CRP’s educational consultant is a finalist for the AidEx Humanitarian Hero of the Year Award, which celebrates individuals for their remarkable contributions to the humanitarian aid and development community. Beryl, a former teacher, spent decades developing early childhood education programs in trauma-impacted areas throughout the United States, South Africa, the Philippines and the Middle East. She has worked with CRP for about two years.
How does it feel to be a finalist for the AidEx Humanitarian Hero of the Year Award?
I don’t think about it much at all. Someone else nominated me. I’m appreciative, but my commitment is here at CRP. It’s not about getting recognition somewhere else.
You’ve dedicated your career to helping children who’ve experienced trauma. What inspired you to pursue this path?
I started out as a public-school teacher and then someone steered me toward the Head Start program. It quickly became clear to me that children who come from poverty and dislocation and violence have issues that a lot of other kids don’t. Trauma can actually change the brain physiologically. But if we can work with kids while their brains are still developing, then there is a greater chance of recovery than if we wait until they’re older. That’s why I like working with little kids because there is a chance that we can really help them get their brains back into a normal developmental pattern.
You designed the Supergirls program for CRP. Can you tell me what the program entails and how you worked to create it?
I met Amanda [CRP’s executive director] a few years ago and once she learned about my background, she asked me to put together a leadership program for girls ages 6 to 12. I decided there were three things that the program needed to include.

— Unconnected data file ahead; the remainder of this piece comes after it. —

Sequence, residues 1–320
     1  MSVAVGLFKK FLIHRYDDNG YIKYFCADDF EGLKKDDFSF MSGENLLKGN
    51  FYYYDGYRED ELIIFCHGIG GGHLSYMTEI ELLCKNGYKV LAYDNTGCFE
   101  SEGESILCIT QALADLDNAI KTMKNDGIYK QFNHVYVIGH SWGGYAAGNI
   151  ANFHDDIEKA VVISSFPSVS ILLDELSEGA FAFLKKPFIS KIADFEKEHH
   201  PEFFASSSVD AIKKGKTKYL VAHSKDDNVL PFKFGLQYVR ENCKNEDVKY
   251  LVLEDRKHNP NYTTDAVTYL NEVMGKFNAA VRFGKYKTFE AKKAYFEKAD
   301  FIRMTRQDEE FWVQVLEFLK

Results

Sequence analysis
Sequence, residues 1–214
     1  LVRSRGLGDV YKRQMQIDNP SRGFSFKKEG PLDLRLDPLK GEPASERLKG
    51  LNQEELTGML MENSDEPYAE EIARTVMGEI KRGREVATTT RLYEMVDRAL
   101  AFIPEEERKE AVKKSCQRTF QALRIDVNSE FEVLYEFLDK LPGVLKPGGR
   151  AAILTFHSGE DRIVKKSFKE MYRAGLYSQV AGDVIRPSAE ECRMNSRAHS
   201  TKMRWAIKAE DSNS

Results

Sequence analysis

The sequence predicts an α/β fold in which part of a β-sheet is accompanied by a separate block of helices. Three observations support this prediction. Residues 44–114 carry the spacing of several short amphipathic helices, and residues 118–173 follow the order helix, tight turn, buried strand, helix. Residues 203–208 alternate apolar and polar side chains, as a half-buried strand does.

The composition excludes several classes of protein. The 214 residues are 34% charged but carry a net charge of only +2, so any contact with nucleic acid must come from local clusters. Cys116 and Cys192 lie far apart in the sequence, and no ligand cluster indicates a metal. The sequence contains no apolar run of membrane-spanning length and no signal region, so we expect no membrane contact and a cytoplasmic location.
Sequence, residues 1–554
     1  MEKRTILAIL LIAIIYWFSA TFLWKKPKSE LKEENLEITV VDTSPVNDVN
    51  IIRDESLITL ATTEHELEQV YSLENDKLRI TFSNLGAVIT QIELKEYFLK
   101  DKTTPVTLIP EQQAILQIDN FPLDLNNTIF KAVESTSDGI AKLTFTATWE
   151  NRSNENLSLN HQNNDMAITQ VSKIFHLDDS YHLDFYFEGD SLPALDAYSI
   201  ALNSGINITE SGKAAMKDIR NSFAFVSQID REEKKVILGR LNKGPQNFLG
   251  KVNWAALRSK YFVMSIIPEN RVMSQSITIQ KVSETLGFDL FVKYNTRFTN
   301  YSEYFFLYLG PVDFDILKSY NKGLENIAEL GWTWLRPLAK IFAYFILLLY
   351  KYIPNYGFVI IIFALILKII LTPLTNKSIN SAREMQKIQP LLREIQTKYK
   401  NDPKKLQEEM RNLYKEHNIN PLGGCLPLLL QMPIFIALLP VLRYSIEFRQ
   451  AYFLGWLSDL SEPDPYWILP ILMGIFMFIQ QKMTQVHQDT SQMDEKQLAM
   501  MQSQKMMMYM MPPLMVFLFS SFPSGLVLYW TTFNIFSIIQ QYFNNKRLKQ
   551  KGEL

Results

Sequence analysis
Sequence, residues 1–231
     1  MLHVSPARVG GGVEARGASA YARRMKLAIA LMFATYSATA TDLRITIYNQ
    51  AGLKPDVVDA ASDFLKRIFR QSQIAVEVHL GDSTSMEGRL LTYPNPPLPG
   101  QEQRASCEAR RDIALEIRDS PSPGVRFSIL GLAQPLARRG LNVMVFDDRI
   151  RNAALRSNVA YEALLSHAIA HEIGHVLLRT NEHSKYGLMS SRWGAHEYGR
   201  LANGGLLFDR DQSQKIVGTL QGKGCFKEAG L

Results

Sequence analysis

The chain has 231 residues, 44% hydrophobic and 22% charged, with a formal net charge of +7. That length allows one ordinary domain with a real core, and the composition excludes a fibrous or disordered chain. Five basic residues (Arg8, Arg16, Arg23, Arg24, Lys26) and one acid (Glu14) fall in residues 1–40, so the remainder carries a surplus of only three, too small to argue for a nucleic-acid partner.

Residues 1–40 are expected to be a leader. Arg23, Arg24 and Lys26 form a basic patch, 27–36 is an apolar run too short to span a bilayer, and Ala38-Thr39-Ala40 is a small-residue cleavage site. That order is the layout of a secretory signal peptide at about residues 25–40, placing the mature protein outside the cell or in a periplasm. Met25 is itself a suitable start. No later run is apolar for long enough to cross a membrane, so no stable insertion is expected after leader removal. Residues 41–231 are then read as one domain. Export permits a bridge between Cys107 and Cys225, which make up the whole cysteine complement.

First, a wellness aspect, like breathing exercises and talking about emotions and feelings. Talking about how we care for other people and how we should show them that we care.
The second was games. I’m a strong believer in games. When children have experienced trauma, their minds are scattered. They have trouble concentrating because they are always thinking about so many things. But in a game, you have to think about something in an organized way. To win, you have to follow the rules and concentrate, so I think playing games can help get their minds back to a normal way of thinking.
The third was teaching kids to be proud of who they are; to be proud of their identities. To do this, we talk to them about their cultures, show them their cultural songs and dances and food and art. It’s a building process, but I think kids do better in school and in life if they have a strong sense of self.
Can you share a story about any Supergirl who you’ve seen grow or benefit from the program?
There are so many great examples. But we had one family with three daughters who were all in Supergirls. When they first started coming, their mother had to come with them, and she sat in a chair right behind them. Anytime someone asked them a question, they would look to their mother for what to say. But over time, as the girls became more confident, their mother would sit further and further back. Eventually the girls didn’t look to her for answers anymore, and their mother felt they could attend the program on their own.
Why did you want to join the CRP team? What do you enjoy about working here?
The people here are great. They’ve become old friends. I’ve been in jobs before where the boss doesn’t even really care if you are there or not. But at CRP, they really care about you. That’s very rewarding.
To vote for Beryl, please visit https://www.aid-expo.com/brussels-event/humanitarian-hero-award